I am of the opinion that many people who read his books, even when they don’t see the intricate crafting that has been done, still finish the book with Ishiguro’s messages lodged in their unconscious.


Where The Wild Things Are: The Hidden Meaning

Guest Review by Molly Johnson, author of Spartacus and the Circus of Shadows

I can’t tell you how long I’d been waiting for "Where the Wild Things Are". When I saw the trailer, I knew that I finally had a movie to look forward to. I talked to everyone about it. I downloaded the Arcade Fire song that played on the trailer. I made plans with a childhood friend and we saw it together, the first Saturday it came out, grinning side-by-side, while a peanut gallery of 6-year-olds sat behind us, narrating every scene.

There are some great reviews out there about what worked and what didn’t ( and The New Yorker, for a start). But none I read touched on the larger meaning of the movie: What was the message? I’ll tell you my experience following the movie, the conclusions I jumped to…and the interpretation that came to me, two days after the movie had time to swim around in my brain.

My initial reaction was that the movie was very self-indulgent. Spike Jonze and Dave Eggers had to imbue the monsters with many characteristics that were not there in the 300-word children’s book. I understand that. What I didn’t understand was why the whole thing had to be so damn sad.

I understand the jealousy and the fighting and the breaking things (they are beasts, after all), but I don’t understand the moping. Oh god, did they mope. Stephanie Zacharek’s review in Salon aptly describes them as EMOnsters (as in Emo) —and they really are.  Brooding and dejected, they shuffle through the woods or sit alone on a cliff, shoulders rising with every painful sigh. Max sits quietly beside them, very confused, as were we.

“Why is he sad?” came a small voice in the theater behind me.

“I don’t know,” answered the bewildered mother.

“I don’t know, either,” my friend whispered to me.

One monster in particular, the giant bull, lurks in the background for the entire movie. Nothing broke my heart more than at the end when the Bull creature finally speaks, telling Max goodbye in a defeated voice, his furry hands reaching out uncertainly in the obvious “I want a hug” gesture... and Max just walks away. We can only assume the Bull committed suicide shortly after Max left.

Many children's movies can go back and forth between exultation and melancholy, but this movie stayed mostly down in the dumps. What kind of masochistic kid would enjoy this strange trip? It really seemed to me like perhaps the filmmakers had used the chance to extrapolate the original story to express all of their own feelings of a lost childhood. Or perhaps it was Dave Eggers’ post-modern influence: I can imagine him sitting around in the brainstorming session, saying “Okay, we got to make this thing dark!”. Was this really what Maurice Sendak had been intending?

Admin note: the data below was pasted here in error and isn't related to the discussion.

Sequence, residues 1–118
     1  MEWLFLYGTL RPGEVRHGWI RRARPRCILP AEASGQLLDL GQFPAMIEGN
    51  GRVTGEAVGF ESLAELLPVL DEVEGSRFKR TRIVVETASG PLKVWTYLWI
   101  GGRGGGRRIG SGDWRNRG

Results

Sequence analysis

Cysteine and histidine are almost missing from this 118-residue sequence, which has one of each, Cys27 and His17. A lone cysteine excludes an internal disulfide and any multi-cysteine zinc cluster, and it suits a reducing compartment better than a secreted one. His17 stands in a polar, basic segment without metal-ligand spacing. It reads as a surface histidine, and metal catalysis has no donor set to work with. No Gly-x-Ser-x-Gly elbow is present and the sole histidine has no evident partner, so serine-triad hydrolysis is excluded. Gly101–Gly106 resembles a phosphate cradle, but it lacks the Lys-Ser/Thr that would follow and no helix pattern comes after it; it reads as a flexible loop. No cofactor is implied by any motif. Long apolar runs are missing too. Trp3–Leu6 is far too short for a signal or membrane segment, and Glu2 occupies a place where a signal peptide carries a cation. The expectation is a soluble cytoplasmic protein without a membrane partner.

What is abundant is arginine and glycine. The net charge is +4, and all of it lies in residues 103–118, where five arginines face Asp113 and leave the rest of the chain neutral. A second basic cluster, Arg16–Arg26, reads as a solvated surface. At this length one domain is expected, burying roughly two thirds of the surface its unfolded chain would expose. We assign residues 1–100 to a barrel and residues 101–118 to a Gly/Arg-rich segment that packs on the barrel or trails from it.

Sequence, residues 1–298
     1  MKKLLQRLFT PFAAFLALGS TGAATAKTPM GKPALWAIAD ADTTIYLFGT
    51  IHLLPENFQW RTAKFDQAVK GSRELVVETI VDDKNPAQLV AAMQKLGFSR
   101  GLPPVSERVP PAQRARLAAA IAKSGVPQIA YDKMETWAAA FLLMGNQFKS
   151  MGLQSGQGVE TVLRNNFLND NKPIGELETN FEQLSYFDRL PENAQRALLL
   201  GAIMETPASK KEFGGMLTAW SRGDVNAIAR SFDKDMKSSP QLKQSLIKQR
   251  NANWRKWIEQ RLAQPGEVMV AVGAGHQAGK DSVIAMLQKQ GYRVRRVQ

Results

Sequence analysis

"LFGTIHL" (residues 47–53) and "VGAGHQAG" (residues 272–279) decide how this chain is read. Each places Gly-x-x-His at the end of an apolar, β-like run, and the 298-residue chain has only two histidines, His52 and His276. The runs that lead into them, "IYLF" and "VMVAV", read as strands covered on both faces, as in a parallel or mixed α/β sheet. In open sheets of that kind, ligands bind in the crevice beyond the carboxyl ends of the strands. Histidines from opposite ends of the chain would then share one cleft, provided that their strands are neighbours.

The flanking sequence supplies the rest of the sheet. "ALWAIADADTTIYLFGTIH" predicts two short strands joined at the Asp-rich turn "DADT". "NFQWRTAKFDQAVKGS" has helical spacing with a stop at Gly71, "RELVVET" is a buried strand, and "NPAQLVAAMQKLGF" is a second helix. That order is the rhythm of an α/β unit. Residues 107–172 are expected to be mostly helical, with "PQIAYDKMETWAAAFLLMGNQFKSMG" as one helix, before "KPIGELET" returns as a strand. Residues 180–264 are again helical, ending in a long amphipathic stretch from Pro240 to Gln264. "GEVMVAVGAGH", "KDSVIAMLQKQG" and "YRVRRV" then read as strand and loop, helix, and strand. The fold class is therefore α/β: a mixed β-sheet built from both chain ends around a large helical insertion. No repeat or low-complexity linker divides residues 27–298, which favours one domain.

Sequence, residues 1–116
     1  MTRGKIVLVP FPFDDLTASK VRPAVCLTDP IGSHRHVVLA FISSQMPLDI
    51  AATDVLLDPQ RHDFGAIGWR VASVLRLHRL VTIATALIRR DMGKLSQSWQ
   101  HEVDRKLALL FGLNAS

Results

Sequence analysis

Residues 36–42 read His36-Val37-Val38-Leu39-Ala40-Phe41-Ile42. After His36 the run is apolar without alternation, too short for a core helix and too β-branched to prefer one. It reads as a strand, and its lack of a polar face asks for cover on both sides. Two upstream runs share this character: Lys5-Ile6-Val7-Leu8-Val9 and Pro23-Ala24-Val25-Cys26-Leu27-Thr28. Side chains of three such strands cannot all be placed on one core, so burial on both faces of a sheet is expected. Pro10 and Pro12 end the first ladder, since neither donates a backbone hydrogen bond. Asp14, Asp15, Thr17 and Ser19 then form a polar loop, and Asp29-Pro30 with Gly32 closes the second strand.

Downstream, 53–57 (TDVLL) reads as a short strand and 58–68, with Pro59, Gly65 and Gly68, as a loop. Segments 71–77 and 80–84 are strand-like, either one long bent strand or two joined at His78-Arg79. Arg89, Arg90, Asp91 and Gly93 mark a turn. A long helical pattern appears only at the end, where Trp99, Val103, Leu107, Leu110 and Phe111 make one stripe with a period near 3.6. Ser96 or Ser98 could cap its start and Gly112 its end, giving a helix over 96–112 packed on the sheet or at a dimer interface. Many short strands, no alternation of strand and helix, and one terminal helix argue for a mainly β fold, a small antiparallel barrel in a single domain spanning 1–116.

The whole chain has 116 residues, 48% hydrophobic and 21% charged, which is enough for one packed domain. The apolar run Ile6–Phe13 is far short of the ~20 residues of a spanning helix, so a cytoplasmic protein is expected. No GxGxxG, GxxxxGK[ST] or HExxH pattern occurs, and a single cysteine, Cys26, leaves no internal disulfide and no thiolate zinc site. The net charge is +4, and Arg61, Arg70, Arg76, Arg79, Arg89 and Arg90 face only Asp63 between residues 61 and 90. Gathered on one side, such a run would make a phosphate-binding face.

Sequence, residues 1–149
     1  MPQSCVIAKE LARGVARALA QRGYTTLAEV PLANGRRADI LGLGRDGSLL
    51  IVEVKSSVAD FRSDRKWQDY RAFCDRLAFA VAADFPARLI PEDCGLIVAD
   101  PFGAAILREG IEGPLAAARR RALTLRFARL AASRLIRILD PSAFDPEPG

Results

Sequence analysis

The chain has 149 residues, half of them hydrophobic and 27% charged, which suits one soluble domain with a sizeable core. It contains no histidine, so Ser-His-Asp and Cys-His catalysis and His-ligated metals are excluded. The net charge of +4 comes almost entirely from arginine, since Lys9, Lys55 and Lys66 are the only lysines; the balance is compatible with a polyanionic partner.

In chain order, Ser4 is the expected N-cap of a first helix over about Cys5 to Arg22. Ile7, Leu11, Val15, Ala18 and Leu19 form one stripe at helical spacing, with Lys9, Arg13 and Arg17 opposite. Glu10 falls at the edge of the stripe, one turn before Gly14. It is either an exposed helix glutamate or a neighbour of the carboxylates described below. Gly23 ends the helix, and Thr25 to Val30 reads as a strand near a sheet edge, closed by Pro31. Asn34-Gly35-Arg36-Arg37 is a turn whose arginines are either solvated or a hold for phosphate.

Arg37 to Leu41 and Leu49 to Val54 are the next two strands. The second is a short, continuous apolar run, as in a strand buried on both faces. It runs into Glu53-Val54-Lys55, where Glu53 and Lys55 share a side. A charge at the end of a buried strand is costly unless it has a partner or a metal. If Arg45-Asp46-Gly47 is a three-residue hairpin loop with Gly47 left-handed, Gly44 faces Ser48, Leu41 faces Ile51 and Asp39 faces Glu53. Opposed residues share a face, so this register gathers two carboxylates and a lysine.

However, all of that was before I slept on it, before I was able to pinpoint the undercurrent I was sensing beneath the surface. I respect Spike Jonze and Dave Eggers a lot, and I know they are smart guys, and I know they didn’t make this movie without putting a lot of thought into it. I could feel a meaning hidden there at the edge of all that melancholy and confusion, similar to that feeling I get after watching a David Lynch movie. There’s something going on there, but what is it?

Max’s trip is obviously a dream, and as in dreams, you can see parallels between Max’s experiences in real life and his experiences with the beasts. There is a fort-building, there is a fort-destroying, there are strange, confusing creatures that are meant to represent Max’s family as well as parts of himself. I got some of that. But why do the beasts want Max to be their king? Why does Carole, the main monster, want Max to “keep out all of the sadness”? Why are they so unhappy with him not being able to deliver on this tall order? What is the movie saying? You always hurt your family? You should leave them when things get bad?

It finally came to me two mornings after watching Wild Things. There is a scene when Max tells an upset Carole, “You need a mom.” Suddenly, it clicked: Max’s role as “king” of the beasts is the same role that children assign to their parents: this enormous, unachievable task. “Keep out all of the sadness.” “Keep us together.” Max’s journey, and the point of the movie, is the unfolding of his realization that his mom is not all-powerful, and that there is no one who can fully protect a family from being unhappy. Max leaving those ‘wild things’ behind is symbolic of his maturation, of his better understanding of the difficulties of ruling a kingdom (or family).

I believe that this is what Jonze and Eggers were going for, and I’m surprised I haven’t read anything about this interpretation. The subtlety of the movie, and the way it leaves a meaning lodged in your unconscious, lead me to like it a lot more than I did right after seeing it. But my reservations are still there, and that's because, no matter the worthwhile meaning, it’s still just so damn depressing.